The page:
By Mike Appleton, Weekend Contributor
“Smith relegated our national commitment to the free exercise of religion to the sub-basement of constitutional values.”
-Michael P. Farris and Jordan W. Lorence, “Employment Division v. Smith and the Need for the Religious Freedom Restoration Act,” 6 Regent U.L.Rev. 65, 66 (1995)
Several years following the ratification of the Constitution, a man named Jonas Phillips was subpoenaed to testify on behalf of a defendant in a criminal case in Pennsylvania. The problem was that the trial was scheduled for a Saturday and Mr. Phillips was a devout Jew. He refused to be sworn on the Jewish Sabbath and was subsequently held in contempt and fined ten pounds, despite invoking the protection of the Pennsylvania constitution, which provided that “no human authority can in any case whatsoever, control or interfere with the rights of conscience. . . .” Stansbury v. Marks, 2 Dall. 213 (Pa. 1793). Fortunately, the defendant waived Mr. Phillips’ appearance and the fine was discharged.
Jonas Phillips’ “rights of conscience” were deemed subordinate to the orderly administration of the judicial system in a state which boasted one of the most religiously tolerant constitutions in the young nation. Therefore, when the Supreme Court held in 1878 that rights of conscience likewise could not be raised as a defense to a charge of bigamy, the ruling was hardly earthshattering. Reynolds v. United States, 98 U.S. 145 (1878). And the decision over one hundred years later in Employment Division v. Smith, 494 U.S. 872 (1990), appeared to confirm a principle that had largely guided free exercise jurisprudence since the nation’s founding: the Religion Clauses do not mandate religious exemptions from valid laws intended to be binding upon all of us. Yet the Smith decision produced a harsh political and academic reaction, resulting in legislation that has radically altered the free exercise landscape. How did that happen?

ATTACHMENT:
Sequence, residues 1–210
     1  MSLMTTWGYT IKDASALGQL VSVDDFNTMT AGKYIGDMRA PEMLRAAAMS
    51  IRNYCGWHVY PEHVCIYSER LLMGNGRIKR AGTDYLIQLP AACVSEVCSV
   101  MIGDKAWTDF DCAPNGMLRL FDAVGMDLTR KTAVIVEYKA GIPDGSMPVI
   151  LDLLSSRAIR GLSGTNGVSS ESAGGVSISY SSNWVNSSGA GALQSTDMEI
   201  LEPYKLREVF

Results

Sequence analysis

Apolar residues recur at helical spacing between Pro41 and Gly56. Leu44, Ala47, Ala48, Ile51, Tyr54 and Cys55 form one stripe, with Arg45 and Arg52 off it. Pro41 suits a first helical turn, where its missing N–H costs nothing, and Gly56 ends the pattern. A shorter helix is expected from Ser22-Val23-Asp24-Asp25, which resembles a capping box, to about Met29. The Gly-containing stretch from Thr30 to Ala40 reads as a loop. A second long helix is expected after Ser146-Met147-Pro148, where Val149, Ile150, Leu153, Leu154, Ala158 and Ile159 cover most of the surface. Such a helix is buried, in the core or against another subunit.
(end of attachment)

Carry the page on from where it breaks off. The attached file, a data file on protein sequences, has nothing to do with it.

In its simplest expression, what I refer to as the Reynolds doctrine holds that although my religious belief (or unbelief) is not an appropriate subject of government regulation, my actions are. The Constitution permits the imposition of restraints upon my actions, even if they are motivated by religious belief, when they “conflict with duties imposed upon society as a whole.” The alternative, said the Court, is a nation in which religious expression becomes “superior to the law of the land,” permitting ” every citizen to become a law unto himself.” 98 U.S. at 167.
The Reynolds doctrine dominated free exercise jurisprudence for over 100 years. In 1890, for example, the Court upheld an Idaho territorial statute disqualifying those engaged in “teaching, advising and counselling the practice of bigamy and polygamy” from voting or holding office. Davis v. Beason, 133 U.S. 333 (1890). In Prince v. Massachusetts, 321 U.S. 158 (1944), a Jehovah’s Witness was convicted of violating state child labor laws by permitting her nine-year old niece to assist her in selling religious literature on the public streets. The conviction was affirmed.
In Braunfeld v. Brown, 366 U.S. 599 (1961), Orthodox Jewish merchants challenged the constitutionality of Connecticut’s Sunday closing laws, arguing that since their religious beliefs required that they be closed from Friday evening to Saturday evening, they were effectively prevented from conducting any weekend business, with serious, even devastating, financial consequences. Nevertheless, the Court concluded that the state’s interest in reserving one day a week for “rest, repose, recreation and tranquility” was intended to advance a lawful secular goal and imposed only an “indirect burden” on religious exercise because the legislation did not purport to “make unlawful the religious practice itself.” 366 U.S. at 606-607.